Rudd rage (n): a condition of inarticulacy and irrationality engendered by the political dominance and behaviour of Kevin Rudd. — Dictionary of Stuff We Just Made Up

The Howard Haters took years to develop. They might have hated John Howard from the moment he became Prime Minister, but their loathing was based on the 1980s — the Howard of bad teeth, incentivation and opposition to Asian immigration.

Howard Haters were widespread. There were plenty in the ALP, naturally, but the broader Left thronged with people who refused to accept that the Howard Government had any legitimacy, that it had somehow gotten into and retained government through repeated acts of fraud. There were even a few in the Liberal Party, and they proliferated as time went on.

Kevin Rudd, having had a more meteoric rise in public life, has had less time to generate that sort of bile but he’s off to a flying start. I first noticed it amongst Howard Haters, actually — left-wingers who bowed to no one in their loathing of the Howard Government but who went into apoplexy at the mention of Kevin Rudd as well, for his social conservatism, his Christianity, his voice, his me-tooism. There’s still plenty of that, and there’s probably a few like that in Labor ranks these days.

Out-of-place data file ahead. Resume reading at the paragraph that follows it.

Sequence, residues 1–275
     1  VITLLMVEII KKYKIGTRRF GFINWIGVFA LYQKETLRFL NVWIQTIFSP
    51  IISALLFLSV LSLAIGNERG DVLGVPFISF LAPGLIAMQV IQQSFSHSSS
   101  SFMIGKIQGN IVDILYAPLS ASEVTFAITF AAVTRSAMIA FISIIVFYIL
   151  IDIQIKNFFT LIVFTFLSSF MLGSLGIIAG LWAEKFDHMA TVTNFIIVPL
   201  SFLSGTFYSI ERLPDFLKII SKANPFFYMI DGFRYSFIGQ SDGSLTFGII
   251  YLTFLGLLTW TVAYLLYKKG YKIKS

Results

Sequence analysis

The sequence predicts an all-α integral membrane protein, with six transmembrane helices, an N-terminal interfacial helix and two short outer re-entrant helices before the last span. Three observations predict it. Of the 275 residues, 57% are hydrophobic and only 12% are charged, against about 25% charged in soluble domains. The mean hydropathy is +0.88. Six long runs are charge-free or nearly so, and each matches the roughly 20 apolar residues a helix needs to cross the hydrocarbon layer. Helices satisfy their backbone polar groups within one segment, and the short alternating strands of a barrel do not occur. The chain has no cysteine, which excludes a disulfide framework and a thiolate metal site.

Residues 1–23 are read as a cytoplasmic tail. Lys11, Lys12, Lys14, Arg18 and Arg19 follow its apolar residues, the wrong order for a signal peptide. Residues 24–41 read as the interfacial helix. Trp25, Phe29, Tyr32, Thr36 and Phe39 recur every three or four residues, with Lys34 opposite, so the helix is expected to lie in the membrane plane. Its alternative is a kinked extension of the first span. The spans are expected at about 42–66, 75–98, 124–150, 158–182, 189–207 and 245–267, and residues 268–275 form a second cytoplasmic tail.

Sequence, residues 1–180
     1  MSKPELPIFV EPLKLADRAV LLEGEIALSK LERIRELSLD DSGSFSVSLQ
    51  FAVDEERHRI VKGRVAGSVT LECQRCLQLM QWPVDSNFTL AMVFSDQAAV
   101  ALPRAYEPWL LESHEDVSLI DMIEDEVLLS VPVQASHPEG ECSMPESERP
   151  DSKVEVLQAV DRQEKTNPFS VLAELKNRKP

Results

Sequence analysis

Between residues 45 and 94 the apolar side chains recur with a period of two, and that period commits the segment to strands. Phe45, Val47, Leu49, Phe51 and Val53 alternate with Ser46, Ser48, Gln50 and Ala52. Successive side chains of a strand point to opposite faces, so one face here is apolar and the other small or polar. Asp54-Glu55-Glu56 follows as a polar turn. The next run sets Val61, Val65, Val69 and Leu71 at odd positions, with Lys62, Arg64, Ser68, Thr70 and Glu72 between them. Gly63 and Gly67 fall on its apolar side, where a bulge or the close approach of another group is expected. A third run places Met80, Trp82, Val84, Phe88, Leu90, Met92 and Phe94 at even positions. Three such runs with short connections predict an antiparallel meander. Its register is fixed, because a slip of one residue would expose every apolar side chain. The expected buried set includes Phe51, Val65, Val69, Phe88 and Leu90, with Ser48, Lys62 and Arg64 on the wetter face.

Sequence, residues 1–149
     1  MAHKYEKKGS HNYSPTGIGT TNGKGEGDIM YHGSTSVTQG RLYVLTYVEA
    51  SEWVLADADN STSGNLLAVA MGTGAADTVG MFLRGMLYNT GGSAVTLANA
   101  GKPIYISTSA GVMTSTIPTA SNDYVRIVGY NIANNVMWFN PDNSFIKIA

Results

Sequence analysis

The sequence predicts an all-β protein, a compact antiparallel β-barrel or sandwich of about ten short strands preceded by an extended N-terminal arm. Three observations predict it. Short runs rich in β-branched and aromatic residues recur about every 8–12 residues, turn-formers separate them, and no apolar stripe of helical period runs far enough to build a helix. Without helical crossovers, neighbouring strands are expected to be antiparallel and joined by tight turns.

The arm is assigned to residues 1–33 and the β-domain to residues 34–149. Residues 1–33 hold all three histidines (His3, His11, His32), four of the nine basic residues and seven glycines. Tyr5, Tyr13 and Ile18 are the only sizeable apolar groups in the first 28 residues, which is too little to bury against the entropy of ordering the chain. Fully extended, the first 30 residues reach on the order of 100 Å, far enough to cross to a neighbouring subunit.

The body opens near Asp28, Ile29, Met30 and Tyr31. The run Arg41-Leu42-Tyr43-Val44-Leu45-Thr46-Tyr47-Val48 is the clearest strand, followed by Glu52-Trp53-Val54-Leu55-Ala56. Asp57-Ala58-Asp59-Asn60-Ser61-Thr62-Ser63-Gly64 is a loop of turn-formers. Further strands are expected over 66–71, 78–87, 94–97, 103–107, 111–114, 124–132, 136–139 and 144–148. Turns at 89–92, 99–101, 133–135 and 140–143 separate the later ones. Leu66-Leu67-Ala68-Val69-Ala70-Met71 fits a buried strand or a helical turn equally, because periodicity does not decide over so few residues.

But yesterday showed that the red mist of Rudd rage has settled over the Federal Opposition.

After complaining that the Government was doing exactly what it did in the Howard years i.e. thoroughly abusing Question Time, the Opposition walked in yesterday to find itself under fire over its views on women. The Government followed up a Herald article on the lack of questions from female Coalition MPs with a nice little revelation that the Liberal Party hadn’t bothered updating its webpage on women since before the last election. Tanya Plibersek’s lengthy exploration of this issue drove Christopher Pyne, after several points of order, to move that she no longer be heard, a pointless exercise requiring a division while the Government uses its numbers to defeat the motion.